Unruly airline passengers must be placed on no-fly list, union says
'If there’s not a no-fly list, people are going to continue to assault plane crews and gate agents'
A union representing tens of thousands of transit workers is calling on Congress to place unruly airline passengers on a no-fly list in order to quell the surge of violent incidents taking place on U.S. airlines.
Transport Workers Union President John Samuelsen brought his concerns before the House Homeland Security Committee on Tuesday, saying a no-fly list must be established to quell the "increasing risk of workplace assault" that workers are facing across the nation.
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"If there’s not a no-fly list, people are going to continue to assault plane crews and gate agents," Samuelsen said. "It's an absolute must that this list be established."
The union cited the 2,000% increase in unruly passenger incidents reported by the FAA since January when the agency adopted a zero-tolerance policy after seeing a "disturbing increase in incidents where airline passengers have disrupted flights with threatening or violent behavior," the FAA said.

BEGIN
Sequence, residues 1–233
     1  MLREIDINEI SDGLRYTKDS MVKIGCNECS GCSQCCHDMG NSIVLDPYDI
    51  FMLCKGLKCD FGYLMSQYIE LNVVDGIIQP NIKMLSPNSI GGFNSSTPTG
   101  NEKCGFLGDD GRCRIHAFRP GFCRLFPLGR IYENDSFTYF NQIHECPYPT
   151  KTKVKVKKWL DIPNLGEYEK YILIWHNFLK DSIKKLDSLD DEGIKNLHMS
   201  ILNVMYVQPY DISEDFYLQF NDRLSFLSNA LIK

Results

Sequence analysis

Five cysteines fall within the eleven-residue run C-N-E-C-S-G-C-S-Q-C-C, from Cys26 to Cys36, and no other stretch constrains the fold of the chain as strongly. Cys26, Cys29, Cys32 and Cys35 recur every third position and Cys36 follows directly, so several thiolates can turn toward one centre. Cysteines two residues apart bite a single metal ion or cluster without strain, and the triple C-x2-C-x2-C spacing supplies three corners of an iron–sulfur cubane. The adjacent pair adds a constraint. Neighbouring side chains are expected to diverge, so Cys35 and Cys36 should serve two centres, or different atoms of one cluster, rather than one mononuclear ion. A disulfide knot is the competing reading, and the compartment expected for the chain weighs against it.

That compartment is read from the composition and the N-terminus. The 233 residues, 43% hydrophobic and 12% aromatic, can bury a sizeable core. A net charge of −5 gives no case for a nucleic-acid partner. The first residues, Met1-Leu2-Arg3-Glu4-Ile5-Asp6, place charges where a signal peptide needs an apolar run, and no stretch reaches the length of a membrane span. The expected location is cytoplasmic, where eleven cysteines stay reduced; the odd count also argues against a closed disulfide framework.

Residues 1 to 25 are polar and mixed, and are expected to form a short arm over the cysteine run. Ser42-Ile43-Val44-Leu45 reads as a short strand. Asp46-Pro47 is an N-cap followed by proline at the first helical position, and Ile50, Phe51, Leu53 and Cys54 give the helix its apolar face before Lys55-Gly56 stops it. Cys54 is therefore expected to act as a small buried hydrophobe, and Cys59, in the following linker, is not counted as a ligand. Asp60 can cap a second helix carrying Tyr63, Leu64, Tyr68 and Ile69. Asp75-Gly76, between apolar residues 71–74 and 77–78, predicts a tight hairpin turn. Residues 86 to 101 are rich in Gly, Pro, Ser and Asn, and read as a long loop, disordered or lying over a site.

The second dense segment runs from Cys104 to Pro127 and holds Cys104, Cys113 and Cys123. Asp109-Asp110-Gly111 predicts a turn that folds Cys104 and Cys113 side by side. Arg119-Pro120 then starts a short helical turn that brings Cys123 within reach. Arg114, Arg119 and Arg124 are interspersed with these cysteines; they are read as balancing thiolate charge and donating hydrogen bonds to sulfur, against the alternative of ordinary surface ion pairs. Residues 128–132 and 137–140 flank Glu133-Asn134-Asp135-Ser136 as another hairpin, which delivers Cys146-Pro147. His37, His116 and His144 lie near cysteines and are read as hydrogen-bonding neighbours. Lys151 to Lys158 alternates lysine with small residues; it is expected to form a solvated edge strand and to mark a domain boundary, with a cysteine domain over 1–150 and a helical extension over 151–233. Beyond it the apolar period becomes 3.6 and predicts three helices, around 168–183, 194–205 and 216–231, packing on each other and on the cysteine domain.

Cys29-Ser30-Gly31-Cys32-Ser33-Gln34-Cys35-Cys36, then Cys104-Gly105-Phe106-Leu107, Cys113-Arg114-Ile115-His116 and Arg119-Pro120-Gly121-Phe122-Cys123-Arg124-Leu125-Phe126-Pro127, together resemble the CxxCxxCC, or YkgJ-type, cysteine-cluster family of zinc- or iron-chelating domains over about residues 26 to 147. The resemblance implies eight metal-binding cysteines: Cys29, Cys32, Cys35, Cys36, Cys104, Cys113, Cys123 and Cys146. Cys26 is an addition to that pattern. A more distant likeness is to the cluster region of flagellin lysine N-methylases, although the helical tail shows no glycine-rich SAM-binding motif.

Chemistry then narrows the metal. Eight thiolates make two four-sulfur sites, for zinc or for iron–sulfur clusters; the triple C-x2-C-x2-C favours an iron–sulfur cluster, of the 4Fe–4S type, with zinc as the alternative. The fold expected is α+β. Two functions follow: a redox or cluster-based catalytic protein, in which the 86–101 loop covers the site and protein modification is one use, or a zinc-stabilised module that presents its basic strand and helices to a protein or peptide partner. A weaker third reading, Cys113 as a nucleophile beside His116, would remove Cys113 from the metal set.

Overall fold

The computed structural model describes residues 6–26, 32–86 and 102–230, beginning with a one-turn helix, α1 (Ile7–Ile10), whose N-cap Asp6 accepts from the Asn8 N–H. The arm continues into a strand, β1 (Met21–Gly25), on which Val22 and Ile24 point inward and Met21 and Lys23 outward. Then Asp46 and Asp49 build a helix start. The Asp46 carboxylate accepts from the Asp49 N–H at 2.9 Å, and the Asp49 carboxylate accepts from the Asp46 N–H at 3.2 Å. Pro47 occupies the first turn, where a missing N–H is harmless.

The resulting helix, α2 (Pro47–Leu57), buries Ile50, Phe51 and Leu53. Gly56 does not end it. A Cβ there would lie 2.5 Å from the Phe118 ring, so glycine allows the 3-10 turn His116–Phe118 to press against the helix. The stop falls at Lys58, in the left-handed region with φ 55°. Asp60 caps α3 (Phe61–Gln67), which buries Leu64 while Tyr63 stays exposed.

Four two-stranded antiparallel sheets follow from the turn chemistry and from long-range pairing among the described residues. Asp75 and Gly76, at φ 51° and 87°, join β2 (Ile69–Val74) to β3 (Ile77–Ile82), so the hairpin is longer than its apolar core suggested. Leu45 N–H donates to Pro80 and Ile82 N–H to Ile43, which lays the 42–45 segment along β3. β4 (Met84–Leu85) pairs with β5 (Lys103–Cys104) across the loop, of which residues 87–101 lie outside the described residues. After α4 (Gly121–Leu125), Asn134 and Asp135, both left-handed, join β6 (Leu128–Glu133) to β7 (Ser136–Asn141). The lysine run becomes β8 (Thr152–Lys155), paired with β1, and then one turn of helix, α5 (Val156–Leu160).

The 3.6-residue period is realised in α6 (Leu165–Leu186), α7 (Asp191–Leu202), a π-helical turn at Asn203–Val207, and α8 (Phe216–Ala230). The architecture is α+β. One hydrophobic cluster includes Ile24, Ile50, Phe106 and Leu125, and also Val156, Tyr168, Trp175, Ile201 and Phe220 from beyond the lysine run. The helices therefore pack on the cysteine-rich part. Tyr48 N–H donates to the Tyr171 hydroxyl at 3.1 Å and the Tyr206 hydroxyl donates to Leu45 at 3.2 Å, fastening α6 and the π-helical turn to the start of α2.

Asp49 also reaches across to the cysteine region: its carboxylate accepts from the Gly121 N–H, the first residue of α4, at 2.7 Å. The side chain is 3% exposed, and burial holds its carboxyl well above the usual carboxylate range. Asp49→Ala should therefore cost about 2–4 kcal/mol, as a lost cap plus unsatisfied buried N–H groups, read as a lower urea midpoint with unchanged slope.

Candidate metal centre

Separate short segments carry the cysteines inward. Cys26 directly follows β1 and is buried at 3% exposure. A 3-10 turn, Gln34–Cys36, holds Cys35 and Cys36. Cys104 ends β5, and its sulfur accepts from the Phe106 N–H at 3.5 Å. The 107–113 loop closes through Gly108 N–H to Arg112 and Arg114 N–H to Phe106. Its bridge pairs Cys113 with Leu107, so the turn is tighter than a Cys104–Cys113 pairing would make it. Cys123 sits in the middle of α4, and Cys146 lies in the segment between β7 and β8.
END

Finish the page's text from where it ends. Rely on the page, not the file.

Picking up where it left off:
To date, there have been 5,240 reported cases of unruly passenger incidents. The FAA started investigations into 991 of those reported cases and initiated enforcement action in 245 cases, which means the agency is in the process of levying fines for those passengers.
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About 37 of the most "egregious" cases in which the FAA initiated an enforcement action were sent to the FBI for criminal prosecution review.
While the FAA can propose fines against unruly passengers, the agency can't prosecute criminal cases.
Still, cases are still mounting with the FAA levying over $225,000 in civil penalties against 10 more airline passengers for alleged unruly behavior involving physical assault just last week.
These assaults pose a security threat to our transport systems, according to Samuelsen.
"Across airlines, transit, and railroads, frontline workers overwhelmingly believe that the number one security threat in our transport systems today is physical assault in the performance of their duties," Samuelsen said in a statement.
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Even though incidents on airplanes have gained the most attention, Samuelsen said that "assaults against transit and rail workers are also on the rise."
He noted that assaults against Amtrak workers rose by 25% "over a period when ridership dropped 60%."